Talking Point About Parenting

Kai and I pretending to have a boys' day out at a cafe, which is actually an event space on the 2nd floor of the Grand Hyatt.
Kai and I pretending to have a boys’ day out at a cafe, which is actually an event space on the 2nd floor of the Grand Hyatt.

Tonight, Kai and I appear on Talking Point with four other fathers and their children. The topic is fatherhood, the role of fathers in the family. It was meant to be a relaxed, shoot the breeze shoot, together with some attempt at cooking.

Naomi and I are very fortunate to have a wonderful boy who is a joy every waking hour of the day. We are hardly experts in parenting, and as I said to Steven Chia, the host of Talking Point, I’m just having the most fun being a Dad, and what Naomi does with Kai and I makes it all possible.

There’s a lot of time involved, but there’s no magic formula other than wanting Kai to be healthy, informed, compassionate and conscientious.

I have spoken with other parents about how we go about parenting, but this was the first time I’ve been presented with the question, specifically, of how fathers go about doing things. For us, gender has never been a factor in what roles are supposed to be played by whom – excepting of course the obviously biological – and I was slightly taken aback by the questions posed, and some of the answers given.

I would’ve enjoyed a longer chat on how my family feels about families, but watch if you can tonight, and leave your comments here.

TALKING POINT9.30PM Channel 5.

Watch a teaser here.

A Word On The My First Skool Incident

I’m always struck by how much we delegate our personal lives to other people. The other day coming home on the Bintan Resorts Ferry, a family sat in the rows ahead of us. There were the parents, the two children and two foreign domestic workers.

The younger of the two children was probably under two and cute as a button, playing and drooling while he was fed a snack. The older child was around six and a real brat – making faces at and speaking to the helpers in a completely disrespectful manner.

I think she had asked to have a ferry hotdog and the helper had said something to the effect that she’d be too full for dinner, and she’d sulked and asked her father who assented and went to get the hotdog for her instead.

Last month I wrote lyrics to a silly song that included the line, “Need tuition to make the grade; child is stupid blame the maid” and it couldn’t be truer. We seem to have completely abdicated our responsibility for our children’s upbringing to other people.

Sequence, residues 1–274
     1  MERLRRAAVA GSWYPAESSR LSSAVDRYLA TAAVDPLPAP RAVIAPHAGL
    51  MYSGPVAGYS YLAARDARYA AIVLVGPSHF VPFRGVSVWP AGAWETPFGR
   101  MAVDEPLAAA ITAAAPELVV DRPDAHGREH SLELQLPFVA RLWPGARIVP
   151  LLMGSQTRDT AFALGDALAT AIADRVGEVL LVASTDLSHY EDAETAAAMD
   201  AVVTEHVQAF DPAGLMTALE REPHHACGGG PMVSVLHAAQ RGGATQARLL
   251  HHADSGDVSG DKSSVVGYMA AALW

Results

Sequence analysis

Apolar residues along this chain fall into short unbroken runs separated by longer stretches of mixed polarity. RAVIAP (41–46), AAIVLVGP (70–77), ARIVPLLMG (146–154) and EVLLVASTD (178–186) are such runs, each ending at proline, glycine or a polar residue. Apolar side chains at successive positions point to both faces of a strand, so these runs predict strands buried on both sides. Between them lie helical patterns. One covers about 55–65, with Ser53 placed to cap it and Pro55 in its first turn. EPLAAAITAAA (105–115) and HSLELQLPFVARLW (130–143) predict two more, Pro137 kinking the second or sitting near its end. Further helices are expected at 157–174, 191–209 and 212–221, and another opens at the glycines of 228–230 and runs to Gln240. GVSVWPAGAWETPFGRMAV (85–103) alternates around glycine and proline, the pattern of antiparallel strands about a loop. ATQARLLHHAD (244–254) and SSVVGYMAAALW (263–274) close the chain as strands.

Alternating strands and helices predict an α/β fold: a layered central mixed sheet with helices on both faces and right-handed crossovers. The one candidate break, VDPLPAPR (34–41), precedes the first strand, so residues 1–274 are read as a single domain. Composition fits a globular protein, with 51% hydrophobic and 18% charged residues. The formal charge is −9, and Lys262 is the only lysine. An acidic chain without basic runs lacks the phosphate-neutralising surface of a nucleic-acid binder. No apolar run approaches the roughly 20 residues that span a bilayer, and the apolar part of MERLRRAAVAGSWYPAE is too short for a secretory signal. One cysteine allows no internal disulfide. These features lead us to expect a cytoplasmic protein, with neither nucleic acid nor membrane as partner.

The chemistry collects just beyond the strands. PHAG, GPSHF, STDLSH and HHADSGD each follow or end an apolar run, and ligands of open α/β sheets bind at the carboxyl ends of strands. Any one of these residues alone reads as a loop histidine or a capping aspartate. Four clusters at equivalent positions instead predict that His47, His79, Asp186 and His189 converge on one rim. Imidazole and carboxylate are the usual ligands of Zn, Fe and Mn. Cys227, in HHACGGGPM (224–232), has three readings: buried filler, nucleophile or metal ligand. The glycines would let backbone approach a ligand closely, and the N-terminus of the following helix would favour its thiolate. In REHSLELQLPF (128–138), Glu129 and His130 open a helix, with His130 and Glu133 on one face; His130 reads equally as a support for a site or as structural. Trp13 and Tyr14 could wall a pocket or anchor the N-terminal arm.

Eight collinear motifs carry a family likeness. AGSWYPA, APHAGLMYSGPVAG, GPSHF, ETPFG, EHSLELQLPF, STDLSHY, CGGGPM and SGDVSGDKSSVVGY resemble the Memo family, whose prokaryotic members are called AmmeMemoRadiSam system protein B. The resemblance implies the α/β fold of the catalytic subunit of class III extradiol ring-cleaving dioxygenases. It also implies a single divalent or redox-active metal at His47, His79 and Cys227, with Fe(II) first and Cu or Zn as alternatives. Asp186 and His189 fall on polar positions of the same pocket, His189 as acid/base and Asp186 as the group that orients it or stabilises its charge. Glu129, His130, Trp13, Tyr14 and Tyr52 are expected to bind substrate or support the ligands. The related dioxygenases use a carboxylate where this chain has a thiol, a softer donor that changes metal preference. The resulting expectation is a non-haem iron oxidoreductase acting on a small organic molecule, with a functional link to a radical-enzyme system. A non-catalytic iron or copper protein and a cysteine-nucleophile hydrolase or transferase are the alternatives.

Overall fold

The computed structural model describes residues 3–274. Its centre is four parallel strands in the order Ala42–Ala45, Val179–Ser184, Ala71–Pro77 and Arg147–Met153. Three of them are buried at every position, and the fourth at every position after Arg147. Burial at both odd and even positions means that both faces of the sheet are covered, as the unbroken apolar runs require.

I’ve sometimes been guilty of forgetting to check on Kai (ok he’s only 4) and his reading homework, and last week even forgot he had a pre-school presentation (a mini-concert lasting 20 minutes, but if you miss it you have to face lasting consequences) and was only reminded early on the morning of his presentation when he told me to be early.

We leave Kai to our helper’s care for several hours a day some weeks when I’m really busy, or when Naomi’s not well. Then we find we have to correct Kai’s grammar and speech because our helper’s Burmese tinted English sometime nosso good.

That’s when we realise we have to take charge if we want our kids to grow up the way we want them to. Every person we engage to care for Kai has to be able to work with us to ensure he gets the right kind of care and guidance. We have been taking some time to talk to Kai’s teachers and ask about his progress in school regarding his social skills (our priority), and it’s been reaping a ton of benefits.

There’s been some chat about whether NTUC First Campus has addressed the issues attendant to the part-time caregiver’s sacking from their preschool, but I have to say again that parents, especially in Singapore, need to be more active in their kids’ upbringing, and help the childcare/preschool sector improve.